Is Agile an Approach or a Method?


This is a semantic question that is being asked on p. 11 of the Agile Practice Guide.    The-Integral-Model-1

One way of making sense of this question is to use the heuristic device from Integral Theory of dividing the approach to any question into the four quadrants listed above.   If you look at a problem from the exterior, in terms of what types of exterior steps you take to the problem, then you are looking at it from the standpoint of a method.

If you are looking at a problem from the standpoint of the interior, in terms of what sort of interior mindset you take when looking at a problem, you are looking at an approach.

Figure 2.4 on p. 11 of the Agile Practice Guide shows several approaches, with “lean” being the largest category, and agile and the Kanban method being subsets of lean because they share some lean concepts such as “focus on value”, “small batch sizes”, and “elimination of waste.”

In studying agile, it is important to study not just the methods, but the mindset that produces them.   I remember asking one of the agile experts at a PM Symposium put on by PMI Chicagoland what he thought was one of the biggest misconceptions people had about agile who were coming from the traditional project management world.

He said, they take a look at the lack of documentation and they think that agile project management is undisciplined.   He said they don’t realize that it is disciplined, but that discipline is internalized, meaning that it exists within the minds of the people who are practicing the methods of agile, and is not always apparent to the casual observer.   Now in some methods, such as Kanban, the formality is more readily apparent because a lot of the action items and even the relationships are made visible, but it is still more informal than traditional project management because it is written on sticky notes that can be shifted around a lot more quickly than items on a spreadsheet.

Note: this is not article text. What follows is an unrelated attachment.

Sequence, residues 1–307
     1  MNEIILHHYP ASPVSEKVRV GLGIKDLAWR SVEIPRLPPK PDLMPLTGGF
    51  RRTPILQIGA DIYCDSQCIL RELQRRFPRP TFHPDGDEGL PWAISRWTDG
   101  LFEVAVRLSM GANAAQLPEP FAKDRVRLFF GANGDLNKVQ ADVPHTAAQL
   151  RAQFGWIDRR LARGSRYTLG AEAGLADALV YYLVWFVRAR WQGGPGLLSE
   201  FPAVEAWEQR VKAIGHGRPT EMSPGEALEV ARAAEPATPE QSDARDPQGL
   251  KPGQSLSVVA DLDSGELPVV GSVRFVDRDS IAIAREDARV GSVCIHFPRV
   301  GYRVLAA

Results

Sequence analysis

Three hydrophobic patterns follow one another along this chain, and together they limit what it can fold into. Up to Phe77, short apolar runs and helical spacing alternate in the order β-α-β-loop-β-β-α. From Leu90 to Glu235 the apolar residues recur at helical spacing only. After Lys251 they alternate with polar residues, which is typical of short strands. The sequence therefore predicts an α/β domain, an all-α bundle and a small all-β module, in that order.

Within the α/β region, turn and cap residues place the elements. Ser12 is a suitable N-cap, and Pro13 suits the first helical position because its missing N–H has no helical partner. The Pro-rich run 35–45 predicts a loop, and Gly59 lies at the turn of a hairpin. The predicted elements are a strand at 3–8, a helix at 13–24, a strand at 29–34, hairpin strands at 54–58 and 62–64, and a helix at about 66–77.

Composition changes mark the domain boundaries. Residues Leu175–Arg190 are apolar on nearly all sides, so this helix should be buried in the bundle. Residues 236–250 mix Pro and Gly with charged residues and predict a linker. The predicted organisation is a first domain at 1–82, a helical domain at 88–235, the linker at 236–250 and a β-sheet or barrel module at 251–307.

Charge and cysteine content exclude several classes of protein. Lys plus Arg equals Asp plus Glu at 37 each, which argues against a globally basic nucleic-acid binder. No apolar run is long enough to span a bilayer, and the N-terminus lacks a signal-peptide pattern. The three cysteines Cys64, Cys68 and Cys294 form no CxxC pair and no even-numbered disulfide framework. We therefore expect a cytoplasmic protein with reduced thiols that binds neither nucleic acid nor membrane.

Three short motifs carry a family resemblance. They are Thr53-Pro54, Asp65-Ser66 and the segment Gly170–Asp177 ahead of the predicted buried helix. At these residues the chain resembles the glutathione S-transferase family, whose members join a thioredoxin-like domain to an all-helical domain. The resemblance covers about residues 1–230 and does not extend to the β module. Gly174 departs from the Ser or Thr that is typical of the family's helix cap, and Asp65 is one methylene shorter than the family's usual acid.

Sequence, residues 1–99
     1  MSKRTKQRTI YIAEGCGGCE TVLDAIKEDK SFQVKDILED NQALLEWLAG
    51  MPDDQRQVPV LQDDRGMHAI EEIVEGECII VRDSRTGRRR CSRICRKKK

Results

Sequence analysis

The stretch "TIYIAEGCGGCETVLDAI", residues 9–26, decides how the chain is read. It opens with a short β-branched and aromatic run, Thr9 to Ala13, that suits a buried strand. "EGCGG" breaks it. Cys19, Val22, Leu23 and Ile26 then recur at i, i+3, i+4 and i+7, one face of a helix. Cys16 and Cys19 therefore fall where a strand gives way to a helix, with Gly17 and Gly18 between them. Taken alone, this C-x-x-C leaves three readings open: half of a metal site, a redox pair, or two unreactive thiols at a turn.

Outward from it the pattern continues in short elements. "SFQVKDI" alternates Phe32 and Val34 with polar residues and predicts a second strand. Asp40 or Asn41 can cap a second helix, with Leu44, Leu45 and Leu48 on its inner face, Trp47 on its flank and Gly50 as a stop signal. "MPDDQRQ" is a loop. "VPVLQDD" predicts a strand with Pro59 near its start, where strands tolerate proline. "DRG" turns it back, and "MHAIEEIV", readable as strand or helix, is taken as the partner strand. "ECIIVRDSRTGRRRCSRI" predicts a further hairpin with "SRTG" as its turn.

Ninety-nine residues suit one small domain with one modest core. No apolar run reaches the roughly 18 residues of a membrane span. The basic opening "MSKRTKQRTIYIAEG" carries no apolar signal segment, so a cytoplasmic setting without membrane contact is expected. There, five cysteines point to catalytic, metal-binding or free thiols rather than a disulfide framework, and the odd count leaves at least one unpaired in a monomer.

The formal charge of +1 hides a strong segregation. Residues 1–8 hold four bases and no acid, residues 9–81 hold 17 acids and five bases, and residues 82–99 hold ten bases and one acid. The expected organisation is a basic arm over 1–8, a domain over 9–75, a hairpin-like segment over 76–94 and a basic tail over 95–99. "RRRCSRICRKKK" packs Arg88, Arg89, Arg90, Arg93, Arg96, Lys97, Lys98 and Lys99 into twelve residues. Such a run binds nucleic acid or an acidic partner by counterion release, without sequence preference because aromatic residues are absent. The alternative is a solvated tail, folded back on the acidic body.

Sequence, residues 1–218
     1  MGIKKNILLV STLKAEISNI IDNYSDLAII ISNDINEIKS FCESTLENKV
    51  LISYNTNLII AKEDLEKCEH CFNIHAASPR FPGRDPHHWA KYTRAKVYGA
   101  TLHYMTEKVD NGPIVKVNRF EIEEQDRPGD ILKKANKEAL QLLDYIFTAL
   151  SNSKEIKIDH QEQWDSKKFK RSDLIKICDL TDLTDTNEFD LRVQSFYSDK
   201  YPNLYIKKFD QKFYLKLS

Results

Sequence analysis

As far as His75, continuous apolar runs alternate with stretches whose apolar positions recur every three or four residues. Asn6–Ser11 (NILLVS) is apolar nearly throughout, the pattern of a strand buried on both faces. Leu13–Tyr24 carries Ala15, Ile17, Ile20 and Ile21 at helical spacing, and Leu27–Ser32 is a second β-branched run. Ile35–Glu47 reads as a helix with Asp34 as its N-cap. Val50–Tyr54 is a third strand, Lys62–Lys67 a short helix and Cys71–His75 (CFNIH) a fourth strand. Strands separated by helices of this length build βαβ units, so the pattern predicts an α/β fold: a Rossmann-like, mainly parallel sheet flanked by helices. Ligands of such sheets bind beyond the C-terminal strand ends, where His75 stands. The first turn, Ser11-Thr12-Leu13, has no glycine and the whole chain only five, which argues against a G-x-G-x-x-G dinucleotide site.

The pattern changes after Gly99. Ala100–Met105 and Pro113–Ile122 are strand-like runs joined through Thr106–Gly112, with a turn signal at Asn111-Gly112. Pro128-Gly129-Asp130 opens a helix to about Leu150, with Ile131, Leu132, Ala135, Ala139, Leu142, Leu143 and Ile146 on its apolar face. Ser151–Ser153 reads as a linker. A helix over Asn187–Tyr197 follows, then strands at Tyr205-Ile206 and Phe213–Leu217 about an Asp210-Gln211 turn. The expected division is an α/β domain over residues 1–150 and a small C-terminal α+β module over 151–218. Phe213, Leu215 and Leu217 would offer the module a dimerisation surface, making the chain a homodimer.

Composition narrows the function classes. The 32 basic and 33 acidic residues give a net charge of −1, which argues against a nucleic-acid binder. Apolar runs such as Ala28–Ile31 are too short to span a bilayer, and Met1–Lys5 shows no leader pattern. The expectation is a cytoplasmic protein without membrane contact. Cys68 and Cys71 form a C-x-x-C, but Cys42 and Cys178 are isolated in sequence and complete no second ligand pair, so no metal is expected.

But don’t be fooled into thinking that the lack of formality means lack of importance.   It is precisely because the relationships are not as formal, i.e., not as rigid, that they are more capable of responding to change, and THAT is one of the “superpowers” of the agile approach.

In the next post, I will discuss in a little more detail the way that the Agile Alliance describes the relationship between lean, agile and the Kanban Method.

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